Chapter Forty-six: On the Mend
Hardware store for Will's birthday gloves.
Go visit Maria.
Go over menu again and check my notes for prepping.
And then what?
Gloria opened her eyes at six, wide awake, her habit of getting up to cook for Will chasing her sleep away. But Will isn't here. What the hell is he up to with Salvi? Don't like the idea of someone else having to feed my brother, times are too tough.
She shelved the thought, brushed her teeth. No point in combing her hair before a shower. In bare feet, she silently crept to the kitchen, rejoicing that no one else was there, not even turning on the lights. As quietly as she could, she drew water and put it on the stove for tea. Fog had settled in outside the windows; she could barely see the end of the small back yard through the morning's faint light. The only sounds in the room were the ticking of the wall clock, the swooshing air of the furnace, and the homey bubbling of water in the pot. Don't think. She poured water over the tea bag. Just focus on the moment, the moment of quiet.
"Holy shit, we did it!" A shout bellowed forth from Ben's room. His door opened, and Gloria's bedroom door was pounded upon. "Gloria! Gloria! Wake up and look at this, you broom-head witch!"
"Shut up, Ben, I'm in the kitchen! What are you shouting about?"
Ben ran out into the kitchen clad only in boxer shorts. "EBay, we sold one of Mom's necklaces on eBay! Come look!"
Gloria hurried back the hallway, walked over to Ben's computer. She felt faint, not believing what she saw. "My god," she whispered, "is that for real?"
"Real deal. My knees are shaking."
"What'd you do?" came Philli's raspy morning voice behind them.
"That emerald necklace. We got $2500 for it." His voice cracked. "Isn't that two mortgage payments?"
"Seriously? I had no idea it was worth that much," their mother said in a low voice. "What on earth was he thinking? Real emeralds?"
"Yeah! I took the box and necklace back to the jeweler's, showed them my student ID, and told them our sad story. The lady -- her name is Marsha Townes -- said she remembered Dad and that the necklace was a special order, she could tell by a little tag that was under the bottom of the necklace case. She looked it up and told me it was gold and emeralds, and that I should treasure it forever."
Philli snorted. "Well, good. In fact, great. Yes, it's either two mortgage payments, or a mortgage payment and three car payments. I think I'm ready to treasure that forever. Good job, kids. Wake me at ten."
Gloria turned to Ben, her eyebrows raised. "And keep your trap shut in the meantime, mind you. She wanted to add that, but was too polite." She began to laugh.
"I haven't seen you walk around the house without a shirt since you were twelve. And did you forget that we have a house guest, Underwear Man?"
Ben clapped his hands over his nipples. "Omigod, pull the curtains and arrest the neighbors! They all lookin' to see mah junk!"
Philli's head popped back out her door. "Ben!" she hissed. "Stop it!"
Gloria put her hand over her mouth to stifle her laughter and retreated to the kitchen. A mortgage payment and three car payments. We're good through Christmas! Morning tea was never better.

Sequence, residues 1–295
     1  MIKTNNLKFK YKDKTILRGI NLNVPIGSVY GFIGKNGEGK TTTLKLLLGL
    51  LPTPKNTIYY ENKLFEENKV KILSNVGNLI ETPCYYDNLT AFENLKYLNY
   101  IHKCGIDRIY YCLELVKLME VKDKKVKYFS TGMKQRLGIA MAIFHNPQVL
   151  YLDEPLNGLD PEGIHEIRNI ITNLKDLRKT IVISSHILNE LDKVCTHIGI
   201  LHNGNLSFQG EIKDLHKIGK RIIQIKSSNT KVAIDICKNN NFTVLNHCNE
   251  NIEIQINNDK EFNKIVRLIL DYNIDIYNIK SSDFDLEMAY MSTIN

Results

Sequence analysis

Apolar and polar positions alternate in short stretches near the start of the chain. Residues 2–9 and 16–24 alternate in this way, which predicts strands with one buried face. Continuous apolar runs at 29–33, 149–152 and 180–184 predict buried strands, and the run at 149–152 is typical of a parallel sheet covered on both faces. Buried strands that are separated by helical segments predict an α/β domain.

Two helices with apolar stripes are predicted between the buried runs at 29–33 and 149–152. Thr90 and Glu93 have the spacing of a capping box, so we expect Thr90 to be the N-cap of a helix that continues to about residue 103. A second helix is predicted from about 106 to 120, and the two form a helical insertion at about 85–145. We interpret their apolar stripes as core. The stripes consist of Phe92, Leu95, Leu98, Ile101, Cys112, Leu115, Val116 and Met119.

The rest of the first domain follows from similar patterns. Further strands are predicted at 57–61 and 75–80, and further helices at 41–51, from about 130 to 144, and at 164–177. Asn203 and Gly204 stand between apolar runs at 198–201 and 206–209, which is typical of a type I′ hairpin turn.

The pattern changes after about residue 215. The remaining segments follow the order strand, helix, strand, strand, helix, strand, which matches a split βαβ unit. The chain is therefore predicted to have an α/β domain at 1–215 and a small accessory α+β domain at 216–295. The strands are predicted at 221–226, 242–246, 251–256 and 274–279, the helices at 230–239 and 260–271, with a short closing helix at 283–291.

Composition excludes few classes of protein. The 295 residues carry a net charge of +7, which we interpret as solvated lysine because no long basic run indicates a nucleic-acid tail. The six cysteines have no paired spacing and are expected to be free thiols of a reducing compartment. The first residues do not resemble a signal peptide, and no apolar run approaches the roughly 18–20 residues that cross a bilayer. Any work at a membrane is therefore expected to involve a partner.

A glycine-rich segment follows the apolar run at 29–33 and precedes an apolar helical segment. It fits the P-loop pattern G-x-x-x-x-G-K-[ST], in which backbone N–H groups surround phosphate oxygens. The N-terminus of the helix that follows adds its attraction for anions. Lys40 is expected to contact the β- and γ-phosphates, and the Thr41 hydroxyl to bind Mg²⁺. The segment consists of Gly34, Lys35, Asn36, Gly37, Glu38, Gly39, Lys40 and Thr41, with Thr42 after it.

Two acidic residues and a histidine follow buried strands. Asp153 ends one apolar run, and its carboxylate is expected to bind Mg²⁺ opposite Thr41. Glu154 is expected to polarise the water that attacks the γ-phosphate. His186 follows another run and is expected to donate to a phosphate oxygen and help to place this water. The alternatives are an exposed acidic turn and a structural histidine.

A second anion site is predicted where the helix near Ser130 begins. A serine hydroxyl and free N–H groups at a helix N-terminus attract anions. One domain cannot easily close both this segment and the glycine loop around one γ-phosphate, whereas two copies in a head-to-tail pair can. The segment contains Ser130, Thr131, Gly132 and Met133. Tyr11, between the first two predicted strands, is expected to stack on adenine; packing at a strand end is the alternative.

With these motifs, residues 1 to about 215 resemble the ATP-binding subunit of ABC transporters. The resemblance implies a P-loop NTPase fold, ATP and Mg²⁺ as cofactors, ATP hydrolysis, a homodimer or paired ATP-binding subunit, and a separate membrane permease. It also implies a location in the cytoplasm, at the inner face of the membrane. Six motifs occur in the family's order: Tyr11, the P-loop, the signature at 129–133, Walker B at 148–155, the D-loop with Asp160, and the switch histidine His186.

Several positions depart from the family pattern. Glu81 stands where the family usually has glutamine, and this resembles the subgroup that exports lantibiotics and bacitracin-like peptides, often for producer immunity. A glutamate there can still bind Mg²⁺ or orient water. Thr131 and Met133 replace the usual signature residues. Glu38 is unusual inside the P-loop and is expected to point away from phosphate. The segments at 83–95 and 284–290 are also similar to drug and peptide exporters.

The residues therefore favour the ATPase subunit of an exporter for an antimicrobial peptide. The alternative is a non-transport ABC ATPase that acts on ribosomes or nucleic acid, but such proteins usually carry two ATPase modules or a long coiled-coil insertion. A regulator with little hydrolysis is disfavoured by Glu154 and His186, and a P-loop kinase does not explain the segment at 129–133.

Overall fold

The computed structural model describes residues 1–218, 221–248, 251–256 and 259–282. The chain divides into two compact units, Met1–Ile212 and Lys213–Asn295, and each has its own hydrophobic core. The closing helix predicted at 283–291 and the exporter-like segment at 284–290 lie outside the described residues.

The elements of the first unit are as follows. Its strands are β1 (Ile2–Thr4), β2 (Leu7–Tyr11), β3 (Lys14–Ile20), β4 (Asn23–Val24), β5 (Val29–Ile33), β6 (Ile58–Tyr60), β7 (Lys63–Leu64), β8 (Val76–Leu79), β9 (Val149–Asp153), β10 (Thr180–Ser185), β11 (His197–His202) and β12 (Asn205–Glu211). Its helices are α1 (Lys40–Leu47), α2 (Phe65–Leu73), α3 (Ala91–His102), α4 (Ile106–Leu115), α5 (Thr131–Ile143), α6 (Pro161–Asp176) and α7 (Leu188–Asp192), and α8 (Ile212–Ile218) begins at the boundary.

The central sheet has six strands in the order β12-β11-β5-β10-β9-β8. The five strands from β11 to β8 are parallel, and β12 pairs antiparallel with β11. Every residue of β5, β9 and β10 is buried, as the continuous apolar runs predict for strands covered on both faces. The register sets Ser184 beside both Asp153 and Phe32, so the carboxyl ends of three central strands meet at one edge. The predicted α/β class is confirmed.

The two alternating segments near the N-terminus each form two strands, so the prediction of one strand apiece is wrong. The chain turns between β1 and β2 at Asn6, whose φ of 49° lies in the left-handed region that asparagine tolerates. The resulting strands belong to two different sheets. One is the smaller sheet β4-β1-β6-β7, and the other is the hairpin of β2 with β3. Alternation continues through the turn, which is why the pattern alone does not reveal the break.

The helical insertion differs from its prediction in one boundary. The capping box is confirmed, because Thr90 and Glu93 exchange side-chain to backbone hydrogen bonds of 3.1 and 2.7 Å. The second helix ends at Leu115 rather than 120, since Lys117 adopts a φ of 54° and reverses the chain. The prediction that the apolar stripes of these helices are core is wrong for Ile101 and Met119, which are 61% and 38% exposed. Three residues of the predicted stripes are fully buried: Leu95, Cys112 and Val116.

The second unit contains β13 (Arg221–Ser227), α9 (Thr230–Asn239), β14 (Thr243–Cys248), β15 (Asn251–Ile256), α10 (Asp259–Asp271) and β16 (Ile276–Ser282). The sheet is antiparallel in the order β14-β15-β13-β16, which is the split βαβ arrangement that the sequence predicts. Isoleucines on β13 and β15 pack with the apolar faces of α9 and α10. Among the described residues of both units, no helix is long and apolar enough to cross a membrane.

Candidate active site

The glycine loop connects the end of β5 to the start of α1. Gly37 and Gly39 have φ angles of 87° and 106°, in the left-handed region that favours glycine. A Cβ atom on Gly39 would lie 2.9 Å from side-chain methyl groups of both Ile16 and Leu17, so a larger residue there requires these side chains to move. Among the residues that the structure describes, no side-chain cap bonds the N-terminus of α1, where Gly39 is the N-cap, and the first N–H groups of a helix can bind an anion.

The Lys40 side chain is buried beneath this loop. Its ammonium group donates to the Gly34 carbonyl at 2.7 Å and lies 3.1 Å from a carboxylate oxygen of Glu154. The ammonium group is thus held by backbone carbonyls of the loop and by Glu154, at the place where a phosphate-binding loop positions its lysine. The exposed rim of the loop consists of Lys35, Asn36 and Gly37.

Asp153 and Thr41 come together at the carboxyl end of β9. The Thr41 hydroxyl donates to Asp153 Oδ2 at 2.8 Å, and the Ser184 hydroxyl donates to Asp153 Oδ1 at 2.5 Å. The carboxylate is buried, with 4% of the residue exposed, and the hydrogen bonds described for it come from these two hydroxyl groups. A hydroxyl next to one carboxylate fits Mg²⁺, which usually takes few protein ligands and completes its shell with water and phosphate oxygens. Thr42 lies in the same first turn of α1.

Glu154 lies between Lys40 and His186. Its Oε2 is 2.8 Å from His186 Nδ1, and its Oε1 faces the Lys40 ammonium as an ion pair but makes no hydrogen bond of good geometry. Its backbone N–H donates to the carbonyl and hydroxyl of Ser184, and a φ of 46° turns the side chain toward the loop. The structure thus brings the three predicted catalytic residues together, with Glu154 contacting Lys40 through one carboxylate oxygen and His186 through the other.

Maria was better, too. "Gloria!" she called when Gloria poked her head around the door to her hospital room. "Hey, girl, how are you doing? Worrying about menu yet?"
"That's on my list for later today. You look a lot more happy today."
"I am. I thought I would be hurting a lot, but no. They tell me I still have to take it easy, take it slow, but I feel pretty good, except I hate nurses. They act like I'm a stupid old woman, like I don't know nothing."
"That's because they don't know who you are or what you do, and they probably don't have any idea of how much you have to know to do what you do. Do you think any of them have the time or expertise to cook well? They went to college and nursing school and have worked their a -- their fingers to the bone all day and overtime ever since. If they have kids, I bet their kids eat hot dogs and box macaroni and cheese three times a week."
Maria laughed, a hou-hou-hou sound, so as not to shake her midsection. "Hey, Steve catch up with you last night?"
"How do you remember that when you were so drugged up?"
"I'm not a stupid old woman, Gloria, what, these nurses tell you different just now?"
"Steve and I had dinner together at Little Danny Angel down town. It was delightful. I ate french fries until I could hardly walk."
"Ah, good. He's an idiot, but a nice one. I like you and him -- you focused and strong, him kind and competent."
"No match-making, Boss, I'm not leaving your side."
Maria grabbed Gloria's hand. "You make me happy when I hear that. I can't wait to get back to our work."
A little rap came at the door. "Good morning, Maria! It's time for you to get up and get a little exercise!" A nurse in colorful balloon-patterned scrubs set her clipboard on the bedside table.
"What, in this bare-hiney pajama?" Maria asked truculently.
"We have a little robe we'll drape over you," the nurse said. "And here are some warm sock-slippers, I'll just put them on your toesies."
"Gloria, you go now. I don't want no witnesses when I kill this one."
"Don't say that, Maria, they'll make you stay another three days for psych evaluations."
"Read the newspaper headlines. You'll see."
The nurse hung Maria's IV on a portable rack, and assisted her to stand and don a thin robe over one arm, draping it over the other shoulder. "If you do all right after a little walk, I'll see about getting rid of the IV. Okay, it's up and down the track two times, Mrs. Bedencourt."